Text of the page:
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Baylor TAIR Conference Hosted Almost 900 Teachers [10/18/2018]


Baylor TAIR Conference co-directors Margaret Thomson (left) and Dr. Barbara Purdum-Cassidy

Baylor School of Education hosted educators from dozens of school districts for the annual Baylor TAIR (Texas Association for the Improvement of Reading) Regional Conference on Oct. 1 and 2. Almost 900 educators gathered at the Region 12 Education Service Center for three different grade-level based conferences. Attendees shared knowledge and skills with each other while gaining unique insight from a variety of national speakers.

TAIR President Margaret Thomson, senior lecturer in the School of Education, says her favorite part of being involved with this conference has been getting to know educators from all over the region that have the same interests as she does. “Every year you can get new ideas and get re-energized,” Thomson said. “This conference is for educators all across the board, because I think the best teachers keep getting professional development — they keep updating their skills.”

Jan Richardson spoke at the primary teachers conference.

On Monday morning, reading specialist and former teacher Jan Richardson began the primary conference for teachers from grades K-2. “Jan Richardson’s guided reading is being utilized in school districts,” said Barbara Purdum-Cassidy, who has co-directed the TAIR conference for the past five years. “These national literary consultants are the people who are guiding instruction in the classroom.”

The afternoon continued with Gretchen Bernabei and the middle/secondary conference for grades 6-12. Bernabei has been teaching students to write in middle school and high school classrooms for almost 30 years. She is a published author of many books, including her most recent from Heinemann, Crunchtime, which shares strategies to help students perfect their writing process.

On Tuesday, Jennifer Serravallo presented the elementary conference for grades 2-6. Serravallo is a literacy consultant, speaker and author. During this conference, she focused on her book Understanding Texts & Readers, which describes seven areas of comprehension crucial in pairing students with works of literature.

Baylor School of Education undergraduate students got to attend the TAIR conference with professional teachers.

Baylor education student Mason Nantz said that she learned the importance of instructors being open to accept and discuss multiple answers, as long as the students have sound reasoning behind their choice. “Authors write books with multiple themes, and students should be the ones to determine the significance of those themes,” Nantz said.

The Elementary conference also offered breakout sessions of choice based on specific instructional needs. These 12 sessions covered topics including writing practices, communication skills and TEKS instruction.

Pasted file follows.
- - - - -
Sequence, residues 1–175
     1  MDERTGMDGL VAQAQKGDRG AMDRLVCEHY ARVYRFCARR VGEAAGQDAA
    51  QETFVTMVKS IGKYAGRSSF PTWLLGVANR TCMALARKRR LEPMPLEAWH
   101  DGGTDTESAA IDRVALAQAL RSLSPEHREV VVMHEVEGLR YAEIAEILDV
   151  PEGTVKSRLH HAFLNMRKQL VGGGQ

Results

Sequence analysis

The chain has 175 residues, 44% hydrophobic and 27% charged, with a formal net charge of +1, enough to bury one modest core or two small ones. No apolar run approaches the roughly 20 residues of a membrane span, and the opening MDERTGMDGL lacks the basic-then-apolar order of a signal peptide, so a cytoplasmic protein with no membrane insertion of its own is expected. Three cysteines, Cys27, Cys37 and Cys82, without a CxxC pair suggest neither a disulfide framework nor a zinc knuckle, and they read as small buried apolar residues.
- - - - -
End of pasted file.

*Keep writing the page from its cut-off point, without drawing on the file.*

“The opportunity to be able to come here in Central Texas, close to where they are, and be able to hear these speakers at such a good price is a real benefit,” Purdum-Cassidy said. “The speakers get them charged up — they give them strategies and ideas for things that they can take back to their classroom and use tomorrow.”

For 69 years, TAIR has provided professional development for Texas educators. The TAIR conference offers educators the opportunity to interact with outstanding professionals; become acquainted with current research, methods and materials; and share successful instructional strategies.

—By Andi Risk

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Founded in 1919, Baylor School of Education ranks among the nation’s top 20 education schools located at private universities. The School’s research portfolio complements its long-standing commitment to excellence in teaching and student mentoring. Baylor’s undergraduate program in teacher education has earned national distinction for innovative partnerships with local schools that provide future teachers deep clinical preparation, while graduate programs culminating in both the Ed.D. and Ph.D. prepare outstanding leaders, teachers and clinicians through an intentional blend of theory and practice.

Baylor University is a private Christian University and a nationally ranked research institution. The University provides a vibrant campus community for more than 16,000 students by blending interdisciplinary research with an international reputation for educational excellence and a faculty commitment to teaching and scholarship. Chartered in 1845 by the Republic of Texas through the efforts of Baptist pioneers, Baylor is the oldest continually operating University in Texas. Located in Waco, Baylor welcomes students from all 50 states and more than 80 countries to study a broad range of degrees among its 12 nationally recognized academic divisions.



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